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Boating and drinking question....

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  • Boating and drinking question....

    How does drinking alcohol on a boat work? I totally get the driver shouldn't be drinking just like a car but are you able to have beer and open containers on a boat? I cant find a clear answer on this. For reference I would be boating in Wisconsin, Illinois, and/or Michigan.

    Thanks.

  • #2
    In illinois, there can be open containers, but the driver cannot be drinking.

    2000 Rinker Fiesta Vee 270-5.7 Mercruiser/TBI/Bravo 3
    1986 Smokercraft 161 Magnum-1986 Mariner 75 O/B

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    • #3
      It is more difficult in a boat, i'm always spilling my beer :-)

      Or, check the official state rules and regulations at their website, not hard to find.
      e.g.
      *
      https://www.dnr.illinois.gov/news/pa...sfamilies.aspx
      Dennis
      20' 1987 Renken Cuddy Cabin
      AQ131C 270 drive
      Southern NJ

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      • #4
        Originally posted by showstoppr88 View Post
        How does drinking alcohol on a boat work? I totally get the driver shouldn't be drinking just like a car but are you able to have beer and open containers on a boat? I cant find a clear answer on this. For reference I would be boating in Wisconsin, Illinois, and/or Michigan.

        Thanks.

        It works great as long as you have enough ice and can keep things cold. Sometimes we run out of Bud Lite or Corona, so make sure you pack the cooler accordingly to your crew's brand preferences.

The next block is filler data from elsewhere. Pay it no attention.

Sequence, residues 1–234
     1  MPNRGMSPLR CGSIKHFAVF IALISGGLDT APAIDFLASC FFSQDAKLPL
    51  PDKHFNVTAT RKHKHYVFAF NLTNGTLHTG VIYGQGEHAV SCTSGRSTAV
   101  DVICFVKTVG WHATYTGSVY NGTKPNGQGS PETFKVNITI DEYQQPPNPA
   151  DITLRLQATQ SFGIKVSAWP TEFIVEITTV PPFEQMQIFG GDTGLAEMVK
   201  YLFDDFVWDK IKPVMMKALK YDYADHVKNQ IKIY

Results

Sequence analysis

Driver should not be drunk per legal definition - same as a car.

        check your local laws for any specifics.
        Best regards, Ted . . . . Cape Cod, MA

        Formula 330 Sun Sport, O'Day Mariner Sail #3224, Sunfish
        Past Boats: Catalina 22 Sail #10531, Formula 242 Sun Sport
        Twin Mercruiser 7.4 LX MPI (0F802036, 039), Bravo 3's (0F806198, 199), Mercury 7.5 HP (1969), Johnson 4.5 HP (1980)

        My Boating Web Pages: http://www.tpenfield.com

        Member of the Month - February 2013

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        • #5
          In Michigan there can be open containers but the person piloting the boat cannot drink while underway.
          Rick Grew

          1981 Carver 3007 Aft Cabin

          2004 Past Commodore
          West River Yacht & Cruising Club
          www.wrycc.com

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          • #6
            Some lakes don't allow alcohol so check the lake rules.

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            • #7
              If you happen to have a boating accident or incident with injuries or death, THEN the beers you've been drinking come back to bite you hard in the butt.....they call it felony DUI or DWI or BWI or whatever and It's not a joke and it can ruin your life....and your family's life...

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              • #8
                Up here in Alberta no alcohol on the boat unless it's equipped with a bathroom and sink.
                sigpic 2004 Caravelle 187

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                • #9
                  Originally posted by 89retta View Post
                  Up here in Alberta no alcohol on the boat unless it's equipped with a bathroom and sink.
                  And even then you have to be anchoured for the day. Actually the no booze in a boat is a Federal Jurisdiction thing. The Provinces and Municipalities have very little say on lakes and rivers, though some try to make like they do.
                  The way some of the Lake Lice behave on Wabuman, they must be 4 sheets to the wind.

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                  • #10
                    The only regulation in Wisconsin states that you cannot operate a watercraft or ski/tube/wakeboard, etc if you are under the influence or have a BAC of .08 or higher. From my experience boating in Wisconsin, everything is pretty relaxed. Just don't do anything stupid.